Like the great auk, the North American heath hen was also the subject of an early protective bill, introduced to New York State legislature in 1791, but it too failed to save the species from extinction. Heath hens were once native to much of the northeast United States, and were so plentiful that their meat eventually gained a reputation for being "poor man's food." Nonetheless they continued to be hunted in such vast numbers that by the mid-1800s there were no hens at all left on the entire American mainland. The bird's final stronghold was Martha's Vineyard, Massachusetts, but illegal poaching, diseases carried by domestic poultry, and predation from feral cats caused numbers on the island to fall to less than 100 by the mid-1890s. A hunting ban and a specialized Heath Hen Reserve was introduced in 1908, and in response the population swelled to over 2000 in the years that followed. But a fire during the 1916 breeding season undid all of the reserve's hard work, and by 1927 there were only 12 birds—including just two females—left alive. The last lone male, nicknamed "Booming Ben" by the locals, died in 1932.

7. JAPANESE SEA LION

The 8-foot-long Japanese sea lion—an even larger cousin of the Californian sea lion—was once native to the Sea of Japan and bred in vast numbers along the beaches of the Japanese islands and the Korean mainland. Sadly, the animals were hunted in enormous numbers, but not for the reason you might think: their meat was poor quality and bad-tasting, so they weren't hunted for food, but rather for their skins (which were used to make leather), their bones (which were used in traditional medicines), their fat (which was rendered to make oil for oil lamps), and even their whiskers (which were used to make brushes and pipe cleaners). As recently as the early 1900s, more than 3000 sea lions were being killed every year in Japan, until the population collapsed to less than 50 individuals in 1915. Numbers remained low until the 1940s, when the maritime battles of the Second World War destroyed the last remaining colonies and much of their natural habitat. The last recorded (but unconfirmed) sighting was in 1974.

8. PASSENGER PIGEON

A stuffed passenger pigeon up for auction.
Rob Stothard, Getty Images

Until as recently as the early 1800s, the passenger pigeon was still considered the most numerous bird in all of North America. Individual flocks could contain in excess of a billion individual birds, and would take more than an hour to fly overhead. But as a hugely plentiful source of cheap meat, the birds were hunted in unprecedented numbers: at one nesting site in Michigan in 1878, as many as 50,000 birds were killed every day for nearly five months, and the last surviving flock of 250,000 birds was killed in its entirety by one group of hunters in a single day in 1896. The final individual bird—a female named Martha, who was being held in captivity at the Cincinnati Zoo—died in 1914.

9. STEPHENS ISLAND WREN

Wikimedia Commons // Public Domain

Stephens Island is a tiny half-mile islet lying in the seas between the two main islands of New Zealand. After a lighthouse was built there in 1892, the local lighthouse keeper's cat, Tibbles, caught a bird that the keeper didn't recognize. He sent the specimen to a renowned New Zealand ornithologist named Walter Buller, and the bird was soon declared a new species—the Stephens Island wren—and identified as one of only a handful of flightless perching birds known to science. Sadly, within just three years of its discovery, the species was extinct. According to popular history, Tibbles the cat was singlehandedly responsible for killing off the entire population of the wrens (in which case, Tibbles would be the only individual creature in history responsible for the extinction of an entire species) but in reality, by the late 1890s, Stephens Island was so overrun with feral cats that it is impossible to say that Tibbles alone was responsible: In February 1895, the lighthouse keeper wrote in a letter that "the cats have become wild and are making sad havoc among all the birds."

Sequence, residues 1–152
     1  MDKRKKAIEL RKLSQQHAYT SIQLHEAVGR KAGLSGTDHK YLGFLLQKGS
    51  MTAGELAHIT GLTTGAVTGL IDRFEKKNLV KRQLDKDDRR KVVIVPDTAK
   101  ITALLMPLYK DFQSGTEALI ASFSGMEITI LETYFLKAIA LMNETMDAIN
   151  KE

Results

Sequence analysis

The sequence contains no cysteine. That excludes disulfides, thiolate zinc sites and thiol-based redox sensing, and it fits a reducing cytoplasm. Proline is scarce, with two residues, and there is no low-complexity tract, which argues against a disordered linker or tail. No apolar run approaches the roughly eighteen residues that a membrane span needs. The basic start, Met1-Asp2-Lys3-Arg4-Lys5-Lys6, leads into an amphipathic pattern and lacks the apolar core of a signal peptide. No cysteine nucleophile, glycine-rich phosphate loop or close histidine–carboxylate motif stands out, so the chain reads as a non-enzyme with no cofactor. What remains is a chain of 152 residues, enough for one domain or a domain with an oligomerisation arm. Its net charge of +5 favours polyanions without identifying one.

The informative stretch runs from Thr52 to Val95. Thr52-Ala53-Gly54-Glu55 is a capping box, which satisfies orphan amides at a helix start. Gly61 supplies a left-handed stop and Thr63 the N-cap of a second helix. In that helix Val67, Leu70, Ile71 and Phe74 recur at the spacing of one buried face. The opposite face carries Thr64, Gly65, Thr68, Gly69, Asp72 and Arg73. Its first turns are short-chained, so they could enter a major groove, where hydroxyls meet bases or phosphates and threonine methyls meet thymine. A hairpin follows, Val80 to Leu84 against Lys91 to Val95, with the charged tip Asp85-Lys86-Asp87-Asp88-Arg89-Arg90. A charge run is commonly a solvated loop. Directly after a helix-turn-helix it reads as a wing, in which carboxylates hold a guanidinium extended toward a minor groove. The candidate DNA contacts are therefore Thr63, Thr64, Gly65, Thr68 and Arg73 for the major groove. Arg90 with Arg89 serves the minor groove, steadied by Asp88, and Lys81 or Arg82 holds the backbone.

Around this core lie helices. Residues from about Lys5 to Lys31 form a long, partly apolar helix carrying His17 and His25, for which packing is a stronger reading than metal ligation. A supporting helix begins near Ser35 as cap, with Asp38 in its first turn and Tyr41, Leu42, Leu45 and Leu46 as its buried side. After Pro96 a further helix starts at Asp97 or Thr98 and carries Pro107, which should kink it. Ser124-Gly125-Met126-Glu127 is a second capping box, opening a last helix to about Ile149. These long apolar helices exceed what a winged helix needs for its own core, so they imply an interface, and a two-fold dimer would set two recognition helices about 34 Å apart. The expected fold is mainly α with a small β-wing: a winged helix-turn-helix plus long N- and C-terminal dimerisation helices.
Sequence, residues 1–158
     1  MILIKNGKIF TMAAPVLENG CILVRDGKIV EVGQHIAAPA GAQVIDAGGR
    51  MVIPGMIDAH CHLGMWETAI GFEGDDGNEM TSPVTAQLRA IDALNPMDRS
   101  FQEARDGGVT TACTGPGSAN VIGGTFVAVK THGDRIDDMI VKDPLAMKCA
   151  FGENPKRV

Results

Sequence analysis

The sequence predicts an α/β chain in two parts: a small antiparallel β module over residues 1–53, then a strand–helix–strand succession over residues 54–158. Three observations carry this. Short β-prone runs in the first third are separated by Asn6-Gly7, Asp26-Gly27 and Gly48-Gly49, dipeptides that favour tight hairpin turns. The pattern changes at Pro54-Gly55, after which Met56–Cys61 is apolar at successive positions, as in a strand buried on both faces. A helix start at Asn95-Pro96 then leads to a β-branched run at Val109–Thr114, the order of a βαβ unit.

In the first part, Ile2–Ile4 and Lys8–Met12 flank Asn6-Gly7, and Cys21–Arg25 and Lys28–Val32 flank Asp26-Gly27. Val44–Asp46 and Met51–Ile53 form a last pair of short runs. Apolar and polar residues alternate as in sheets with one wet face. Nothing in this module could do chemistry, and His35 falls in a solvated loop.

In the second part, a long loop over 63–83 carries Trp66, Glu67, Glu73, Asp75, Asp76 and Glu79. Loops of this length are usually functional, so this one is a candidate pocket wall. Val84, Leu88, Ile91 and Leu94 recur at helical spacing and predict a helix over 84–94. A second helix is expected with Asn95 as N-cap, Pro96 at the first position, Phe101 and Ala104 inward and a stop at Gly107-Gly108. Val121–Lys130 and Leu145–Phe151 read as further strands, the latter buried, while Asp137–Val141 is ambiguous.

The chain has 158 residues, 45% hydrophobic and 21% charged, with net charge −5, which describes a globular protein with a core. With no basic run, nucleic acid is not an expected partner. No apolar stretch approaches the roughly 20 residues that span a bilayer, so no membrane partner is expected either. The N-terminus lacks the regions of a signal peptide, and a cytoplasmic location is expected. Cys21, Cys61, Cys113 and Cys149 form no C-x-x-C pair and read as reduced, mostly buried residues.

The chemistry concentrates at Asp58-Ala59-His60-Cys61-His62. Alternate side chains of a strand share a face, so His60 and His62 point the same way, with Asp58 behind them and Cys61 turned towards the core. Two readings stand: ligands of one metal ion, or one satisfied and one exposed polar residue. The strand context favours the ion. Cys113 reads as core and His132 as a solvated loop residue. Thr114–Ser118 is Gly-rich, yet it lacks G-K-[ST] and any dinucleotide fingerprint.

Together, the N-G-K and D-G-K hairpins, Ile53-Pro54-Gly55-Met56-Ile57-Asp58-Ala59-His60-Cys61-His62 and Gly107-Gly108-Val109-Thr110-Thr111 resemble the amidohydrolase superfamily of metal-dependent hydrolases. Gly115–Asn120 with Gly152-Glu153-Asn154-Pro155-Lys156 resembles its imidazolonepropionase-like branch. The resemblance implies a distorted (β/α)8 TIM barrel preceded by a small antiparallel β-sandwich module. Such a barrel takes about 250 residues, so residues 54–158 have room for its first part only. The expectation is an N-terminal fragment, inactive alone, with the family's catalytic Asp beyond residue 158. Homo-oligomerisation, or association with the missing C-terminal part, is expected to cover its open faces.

10. WARRAH

The warrah, or Falkland Island wolf or fox
Wikimedia Commons // Public Domain

The warrah, or Falkland Islands wolf, was a unique species of wolf that was once the only mammal species native to the Falkland Islands in the South Atlantic Ocean. It's thought that the species became trapped on the islands during the last Ice Age, when the Falklands were connected to the South American mainland by an ice bridge that left the animals isolated when it melted. After the Falkland Islands were first settled by humans in the 1760s, the wolves were seen as a threat to livestock and were quickly hunted into extinction. The warrah was already rare by the time Charles Darwin visited the Falklands in 1833, and he ominously predicted that, "within a very few years … this fox will be classed with the dodo as an animal which has perished from the face of the earth." Like the dodo, the warrah had never had to learn to be fearful of humans, and with no trees or forests on the island in which to hide, the wolves proved easy targets. The last individual was killed in 1876.

SECTIONS

arrow
LIVE SMARTER
More from mental floss studios